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David Crabb Is A Bad Kid

The popular storyteller and his collaborator, Josh Matthews, discuss their new show at the Axis Theatre.

David Crabb in Bad Kid
(© Dixie Sheridan)
Two-time MothSlam winner David Crabb co-produces the popular live storytelling show and podcast Risk! and co-hosts another live show, Ask Me Stories. Through these venues, he has developed a series of vivid characters from his high school years, who were instrumental in shaping his identity as a queer goth kid in rural Texas.

He recently turned these stories into Bad Kid, a one-man show co-created with his friend Josh Matthews, now at the Axis Theatre. TheaterMania stopped by a recent rehearsal to talk with Crabb and Matthews about the development of the show, how the real-life people feel about their portrayal in it, and the role that physical theater played in bringing those people to life on the stage.

THEATERMANIA: Which characters from Bad Kid originated at the Moth?
DAVID CRABB: My dad was in one of them. And I think both of the Moths I won to do the GrandSLAM were stories about Roxanne (an older friend who was his gateway to drug experimentation).

TM: What does she think about your work?
DC: I'm still in touch with her. It's funny telling these stories over and over again about this person who kind of lives in infamy to the people who've heard these stories, but she's not bothered at all. She says to me, "Bitch, that's awesome. People in New York know that I did that to you? Did you tell them I fed you cat shit that time?" She's still a bit crazy, but I think she's mellowed like everyone, or she'd be dead.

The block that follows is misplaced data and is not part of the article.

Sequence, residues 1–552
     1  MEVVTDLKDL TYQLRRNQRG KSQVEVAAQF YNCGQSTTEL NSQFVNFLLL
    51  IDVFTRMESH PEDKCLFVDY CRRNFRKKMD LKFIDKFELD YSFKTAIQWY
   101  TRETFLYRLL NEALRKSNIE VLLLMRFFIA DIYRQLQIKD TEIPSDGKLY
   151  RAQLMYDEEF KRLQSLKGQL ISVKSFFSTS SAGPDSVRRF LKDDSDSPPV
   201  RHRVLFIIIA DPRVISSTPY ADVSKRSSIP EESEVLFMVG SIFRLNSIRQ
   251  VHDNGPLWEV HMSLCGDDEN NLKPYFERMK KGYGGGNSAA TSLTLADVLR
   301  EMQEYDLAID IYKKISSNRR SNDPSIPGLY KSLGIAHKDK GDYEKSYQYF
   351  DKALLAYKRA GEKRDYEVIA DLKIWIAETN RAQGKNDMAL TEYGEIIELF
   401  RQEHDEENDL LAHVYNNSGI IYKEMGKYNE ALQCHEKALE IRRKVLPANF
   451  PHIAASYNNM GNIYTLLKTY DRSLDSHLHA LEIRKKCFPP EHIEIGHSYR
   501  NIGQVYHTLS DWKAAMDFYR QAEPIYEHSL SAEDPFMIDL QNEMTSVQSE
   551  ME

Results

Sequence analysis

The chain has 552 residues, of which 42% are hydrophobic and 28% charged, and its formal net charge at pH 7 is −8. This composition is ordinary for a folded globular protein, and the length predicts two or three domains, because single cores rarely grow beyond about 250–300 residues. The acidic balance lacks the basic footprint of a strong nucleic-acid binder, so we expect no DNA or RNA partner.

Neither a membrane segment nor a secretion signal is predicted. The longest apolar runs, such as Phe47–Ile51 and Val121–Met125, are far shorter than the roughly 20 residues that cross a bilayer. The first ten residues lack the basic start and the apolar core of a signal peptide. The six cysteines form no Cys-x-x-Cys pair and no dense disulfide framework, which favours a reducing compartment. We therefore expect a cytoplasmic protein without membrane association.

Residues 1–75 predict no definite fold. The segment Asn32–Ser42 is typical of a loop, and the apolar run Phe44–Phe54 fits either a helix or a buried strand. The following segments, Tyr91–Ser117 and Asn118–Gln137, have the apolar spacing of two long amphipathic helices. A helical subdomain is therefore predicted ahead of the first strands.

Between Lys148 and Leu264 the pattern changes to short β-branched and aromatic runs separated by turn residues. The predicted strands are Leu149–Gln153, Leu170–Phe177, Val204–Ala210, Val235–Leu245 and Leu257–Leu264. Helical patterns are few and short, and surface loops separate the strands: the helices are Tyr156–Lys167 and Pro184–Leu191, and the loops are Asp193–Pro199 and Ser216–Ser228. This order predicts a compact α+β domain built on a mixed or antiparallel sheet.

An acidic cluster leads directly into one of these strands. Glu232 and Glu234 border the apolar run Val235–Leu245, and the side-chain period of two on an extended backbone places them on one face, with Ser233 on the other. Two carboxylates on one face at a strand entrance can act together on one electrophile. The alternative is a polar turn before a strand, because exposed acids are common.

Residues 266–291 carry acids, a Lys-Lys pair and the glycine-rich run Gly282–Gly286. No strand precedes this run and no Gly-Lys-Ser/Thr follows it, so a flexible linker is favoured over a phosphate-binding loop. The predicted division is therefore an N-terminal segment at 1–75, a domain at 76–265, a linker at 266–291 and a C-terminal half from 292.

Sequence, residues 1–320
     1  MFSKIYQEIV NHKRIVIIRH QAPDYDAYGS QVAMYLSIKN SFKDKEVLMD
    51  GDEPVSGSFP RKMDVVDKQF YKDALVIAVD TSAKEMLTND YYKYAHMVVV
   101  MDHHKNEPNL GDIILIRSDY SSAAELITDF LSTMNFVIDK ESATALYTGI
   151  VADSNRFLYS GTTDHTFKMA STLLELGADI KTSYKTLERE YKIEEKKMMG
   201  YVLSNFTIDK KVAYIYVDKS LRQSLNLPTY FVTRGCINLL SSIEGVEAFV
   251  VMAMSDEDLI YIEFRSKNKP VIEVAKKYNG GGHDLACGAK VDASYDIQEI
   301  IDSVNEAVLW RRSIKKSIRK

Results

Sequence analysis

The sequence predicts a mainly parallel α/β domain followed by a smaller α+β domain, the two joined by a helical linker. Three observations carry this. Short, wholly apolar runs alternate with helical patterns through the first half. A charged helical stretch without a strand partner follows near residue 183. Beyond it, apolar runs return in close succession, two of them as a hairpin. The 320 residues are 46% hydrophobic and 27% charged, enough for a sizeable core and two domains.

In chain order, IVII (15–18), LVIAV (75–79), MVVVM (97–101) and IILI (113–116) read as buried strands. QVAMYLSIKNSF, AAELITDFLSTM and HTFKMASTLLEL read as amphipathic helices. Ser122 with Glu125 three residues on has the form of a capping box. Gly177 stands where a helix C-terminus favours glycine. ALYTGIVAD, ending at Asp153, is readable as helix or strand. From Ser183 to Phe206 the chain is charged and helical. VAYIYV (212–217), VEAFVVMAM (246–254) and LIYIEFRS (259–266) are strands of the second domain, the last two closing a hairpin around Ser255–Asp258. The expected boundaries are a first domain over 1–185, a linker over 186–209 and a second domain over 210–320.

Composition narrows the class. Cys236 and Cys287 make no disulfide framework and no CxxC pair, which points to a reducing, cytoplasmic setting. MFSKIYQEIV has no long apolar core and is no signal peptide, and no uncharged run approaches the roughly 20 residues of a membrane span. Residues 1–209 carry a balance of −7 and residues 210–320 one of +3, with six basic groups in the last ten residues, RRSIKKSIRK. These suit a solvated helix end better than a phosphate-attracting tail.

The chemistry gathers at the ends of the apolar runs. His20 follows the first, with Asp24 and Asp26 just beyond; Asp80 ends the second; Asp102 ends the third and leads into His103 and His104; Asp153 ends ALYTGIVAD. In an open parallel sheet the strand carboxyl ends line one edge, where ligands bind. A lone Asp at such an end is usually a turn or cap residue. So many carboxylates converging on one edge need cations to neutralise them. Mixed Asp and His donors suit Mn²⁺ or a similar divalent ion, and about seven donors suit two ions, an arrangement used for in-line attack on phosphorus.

TM: You end the show saying you hope your parents never see the show. Are they aware of it?
DC: I think seeing it could send my dad into a padded cell. He'd be proud, but I think it would drive him crazy for a short time afterward. My mom would love it, but afterwards she'd be very concerned about the drug use.

TM: Your descriptions about taking drugs are particularly vivid in the show. Did they evolve throughout the creative process?
DC: The words - all of my stories even at the Moth - start as writing. If anything, the writing is often too flowery. It doesn't convey onstage; you have to ditch like 40 percent of your writing because there's a much more interesting way to show someone physically than what they'd read on paper. A lot of those feelings about the drug trips were there as text, but a lot of what's up there came from working with Josh.

TM: How did you guys go about that editing process?
JOSH MATTHEWS: The first part of it was really sitting in a room looking at these stories and deciding what they were about and then getting rid of the stuff that didn't serve that. And then going from there and making sure the descriptions were as full as we wanted. Once we got into the space, we were able to see if the words are matching the movement or if we still need to edit back or add something. The physicality of the show really came out of making the characters into real physical beings. So much of storytelling often happens as a description, but David is so good at being able to bring that into a physical place.